Linnaea 13: 145. 1839.
Stems short-creeping, usually 4–8 mm diam.; scales uniformly black or with narrow brown margins, linear-subulate, straight to slightly contorted, strongly appressed, persistent. Leaves clustered, 8–35 cm; vernation circinate. Petiole dark-brown, flattened or slightly grooved distally on adaxial surface. Blade elongate-pentagonal, 3-pinnate-pinnatifid to 4-pinnate at base, 3–10 cm wide; rachis grooved adaxially, lacking scales, with monomorphic pubescence. Pinnae not articulate, dark color of stalk continuing into pinna base, basal pair larger than adjacent pair, strongly inequilateral, proximal basiscopic pinnules greatly enlarged, appearing glandular-pubescent adaxially. Costae green or straw-colored adaxially for most of length; abaxial scales absent. Ultimate segments linear-oblong, not especially beadlike, largest 3–8 mm, abaxially and adaxially glandular-pubescent with short, sticky, capitate glands. False indusia marginal, weakly differentiated, 0.05–0.25 mm wide. Sori usually discontinuous, concentrated on apical and lateral lobes. Sporangia containing 32 spores.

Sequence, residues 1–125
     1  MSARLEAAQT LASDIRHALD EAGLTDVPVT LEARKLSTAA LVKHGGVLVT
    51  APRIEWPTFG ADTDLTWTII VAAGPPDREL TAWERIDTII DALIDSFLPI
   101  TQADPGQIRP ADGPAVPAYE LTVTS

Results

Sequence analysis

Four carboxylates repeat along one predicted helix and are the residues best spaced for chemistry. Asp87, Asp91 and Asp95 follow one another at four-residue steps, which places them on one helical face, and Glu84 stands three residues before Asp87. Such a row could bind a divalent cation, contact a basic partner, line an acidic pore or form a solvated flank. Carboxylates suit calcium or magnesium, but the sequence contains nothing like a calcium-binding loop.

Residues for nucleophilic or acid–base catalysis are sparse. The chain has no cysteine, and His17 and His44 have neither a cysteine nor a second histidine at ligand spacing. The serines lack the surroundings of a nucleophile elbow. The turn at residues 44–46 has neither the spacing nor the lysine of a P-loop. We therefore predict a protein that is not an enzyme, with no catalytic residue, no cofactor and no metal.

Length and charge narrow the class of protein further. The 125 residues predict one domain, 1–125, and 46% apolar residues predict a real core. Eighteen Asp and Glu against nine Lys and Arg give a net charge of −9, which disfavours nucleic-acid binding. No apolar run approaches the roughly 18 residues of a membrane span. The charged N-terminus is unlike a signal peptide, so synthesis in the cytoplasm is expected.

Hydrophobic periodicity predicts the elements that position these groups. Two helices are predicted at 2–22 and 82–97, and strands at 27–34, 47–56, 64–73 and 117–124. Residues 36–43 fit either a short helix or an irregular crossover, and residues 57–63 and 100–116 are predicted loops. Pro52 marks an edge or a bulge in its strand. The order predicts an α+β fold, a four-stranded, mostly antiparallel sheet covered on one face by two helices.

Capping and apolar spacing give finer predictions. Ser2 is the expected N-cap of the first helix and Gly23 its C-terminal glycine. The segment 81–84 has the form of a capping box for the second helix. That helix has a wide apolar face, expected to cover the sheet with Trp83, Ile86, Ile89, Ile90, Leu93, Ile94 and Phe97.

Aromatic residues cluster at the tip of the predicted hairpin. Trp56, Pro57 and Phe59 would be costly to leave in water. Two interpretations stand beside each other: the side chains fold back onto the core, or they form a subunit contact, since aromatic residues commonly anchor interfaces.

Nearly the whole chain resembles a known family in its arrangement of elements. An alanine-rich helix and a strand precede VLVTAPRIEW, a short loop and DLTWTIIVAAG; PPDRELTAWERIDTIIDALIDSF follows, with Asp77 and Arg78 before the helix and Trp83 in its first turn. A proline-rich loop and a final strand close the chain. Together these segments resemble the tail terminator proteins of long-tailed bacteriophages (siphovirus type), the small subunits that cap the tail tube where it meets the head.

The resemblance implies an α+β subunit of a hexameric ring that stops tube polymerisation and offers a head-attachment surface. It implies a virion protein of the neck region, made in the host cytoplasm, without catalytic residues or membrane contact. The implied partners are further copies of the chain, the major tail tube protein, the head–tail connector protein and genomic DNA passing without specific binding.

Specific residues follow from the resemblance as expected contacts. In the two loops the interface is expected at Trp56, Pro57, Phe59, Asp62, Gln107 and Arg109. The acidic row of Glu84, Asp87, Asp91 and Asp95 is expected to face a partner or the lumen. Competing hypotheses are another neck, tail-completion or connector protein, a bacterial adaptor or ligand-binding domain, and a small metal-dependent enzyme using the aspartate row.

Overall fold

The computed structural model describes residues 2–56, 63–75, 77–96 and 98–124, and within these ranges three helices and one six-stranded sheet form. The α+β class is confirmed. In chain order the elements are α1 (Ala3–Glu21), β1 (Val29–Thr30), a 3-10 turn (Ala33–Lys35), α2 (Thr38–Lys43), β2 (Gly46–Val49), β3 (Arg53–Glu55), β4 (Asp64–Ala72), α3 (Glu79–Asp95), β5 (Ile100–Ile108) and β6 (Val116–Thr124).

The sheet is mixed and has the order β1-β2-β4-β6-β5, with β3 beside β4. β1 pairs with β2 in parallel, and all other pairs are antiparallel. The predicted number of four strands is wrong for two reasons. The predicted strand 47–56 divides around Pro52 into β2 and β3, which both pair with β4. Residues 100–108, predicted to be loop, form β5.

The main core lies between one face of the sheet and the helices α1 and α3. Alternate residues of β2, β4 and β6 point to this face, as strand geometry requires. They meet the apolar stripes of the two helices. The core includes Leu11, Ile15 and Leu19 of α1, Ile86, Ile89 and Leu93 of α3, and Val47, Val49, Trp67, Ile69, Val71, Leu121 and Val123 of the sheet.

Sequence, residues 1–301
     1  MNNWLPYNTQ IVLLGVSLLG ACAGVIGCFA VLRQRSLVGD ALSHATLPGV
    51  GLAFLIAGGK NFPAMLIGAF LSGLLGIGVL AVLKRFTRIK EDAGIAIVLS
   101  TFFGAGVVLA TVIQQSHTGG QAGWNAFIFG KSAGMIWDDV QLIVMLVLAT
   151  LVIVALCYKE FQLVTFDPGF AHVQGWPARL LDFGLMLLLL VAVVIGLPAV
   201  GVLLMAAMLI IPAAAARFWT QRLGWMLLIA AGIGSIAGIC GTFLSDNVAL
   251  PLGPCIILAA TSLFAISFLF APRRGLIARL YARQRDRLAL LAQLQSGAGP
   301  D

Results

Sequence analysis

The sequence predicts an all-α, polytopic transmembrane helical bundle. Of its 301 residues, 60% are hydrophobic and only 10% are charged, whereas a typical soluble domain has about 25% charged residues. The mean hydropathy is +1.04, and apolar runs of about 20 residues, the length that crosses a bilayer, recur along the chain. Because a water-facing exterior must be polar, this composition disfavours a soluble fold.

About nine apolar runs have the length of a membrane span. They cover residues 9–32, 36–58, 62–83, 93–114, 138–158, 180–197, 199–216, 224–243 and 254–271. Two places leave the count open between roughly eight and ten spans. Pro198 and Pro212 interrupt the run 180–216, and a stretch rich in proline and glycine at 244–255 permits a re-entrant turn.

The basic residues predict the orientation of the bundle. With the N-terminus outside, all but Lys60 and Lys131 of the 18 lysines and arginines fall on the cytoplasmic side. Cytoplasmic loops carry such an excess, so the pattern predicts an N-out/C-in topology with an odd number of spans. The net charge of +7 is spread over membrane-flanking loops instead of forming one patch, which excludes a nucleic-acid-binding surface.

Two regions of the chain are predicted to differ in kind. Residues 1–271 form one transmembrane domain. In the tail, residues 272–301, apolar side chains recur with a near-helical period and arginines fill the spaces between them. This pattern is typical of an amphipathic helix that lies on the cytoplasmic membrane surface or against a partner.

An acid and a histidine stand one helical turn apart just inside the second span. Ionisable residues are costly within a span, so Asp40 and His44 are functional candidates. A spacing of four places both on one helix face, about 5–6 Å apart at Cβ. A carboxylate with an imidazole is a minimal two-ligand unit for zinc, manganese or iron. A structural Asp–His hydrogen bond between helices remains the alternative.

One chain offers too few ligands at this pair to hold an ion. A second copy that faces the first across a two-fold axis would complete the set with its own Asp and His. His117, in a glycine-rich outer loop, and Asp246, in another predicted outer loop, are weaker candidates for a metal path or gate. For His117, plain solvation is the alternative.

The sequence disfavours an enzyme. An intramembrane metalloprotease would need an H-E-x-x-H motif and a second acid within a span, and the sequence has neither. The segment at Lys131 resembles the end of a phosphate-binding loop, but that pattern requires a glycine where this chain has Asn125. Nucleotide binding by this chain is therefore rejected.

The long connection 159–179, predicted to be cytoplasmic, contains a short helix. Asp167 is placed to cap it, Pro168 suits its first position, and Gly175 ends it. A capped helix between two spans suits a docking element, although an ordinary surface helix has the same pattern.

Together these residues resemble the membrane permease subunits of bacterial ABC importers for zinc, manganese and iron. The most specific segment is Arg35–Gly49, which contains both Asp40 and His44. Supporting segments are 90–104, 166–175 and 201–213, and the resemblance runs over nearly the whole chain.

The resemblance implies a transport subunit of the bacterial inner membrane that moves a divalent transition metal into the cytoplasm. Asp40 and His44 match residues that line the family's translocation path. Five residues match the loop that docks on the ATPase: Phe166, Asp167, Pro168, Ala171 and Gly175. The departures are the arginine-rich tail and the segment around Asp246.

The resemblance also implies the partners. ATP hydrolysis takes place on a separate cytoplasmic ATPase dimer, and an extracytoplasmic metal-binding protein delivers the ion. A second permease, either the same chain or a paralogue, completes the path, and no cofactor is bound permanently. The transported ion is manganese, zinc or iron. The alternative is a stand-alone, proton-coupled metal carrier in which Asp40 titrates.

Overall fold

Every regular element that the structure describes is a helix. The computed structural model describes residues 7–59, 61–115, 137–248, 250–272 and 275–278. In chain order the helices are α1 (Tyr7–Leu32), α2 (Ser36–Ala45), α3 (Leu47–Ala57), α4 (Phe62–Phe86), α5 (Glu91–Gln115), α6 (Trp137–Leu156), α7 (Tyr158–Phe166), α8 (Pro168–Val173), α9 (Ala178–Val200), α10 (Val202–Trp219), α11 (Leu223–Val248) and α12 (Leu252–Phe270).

Phenology: Sporulating summer–fall.
Habitat: Rocky slopes and ledges, usually on igneous substrates
Elevation: 300–2500 m
Tex., Mexico, Central America, South America
The few populations of Cheilanthes kaulfussii known in the flora produce 32 spores per sporangium and reproduce apogamously (D. M. Benham 1982). Although the chromosome number of North American specimens has not been established with certainty, the specimens appear to be polyploids that may have been derived from 64-spored Mexican populations through autopolyploidy. The species is quite distinctive and should not be confused with any other member of the flora.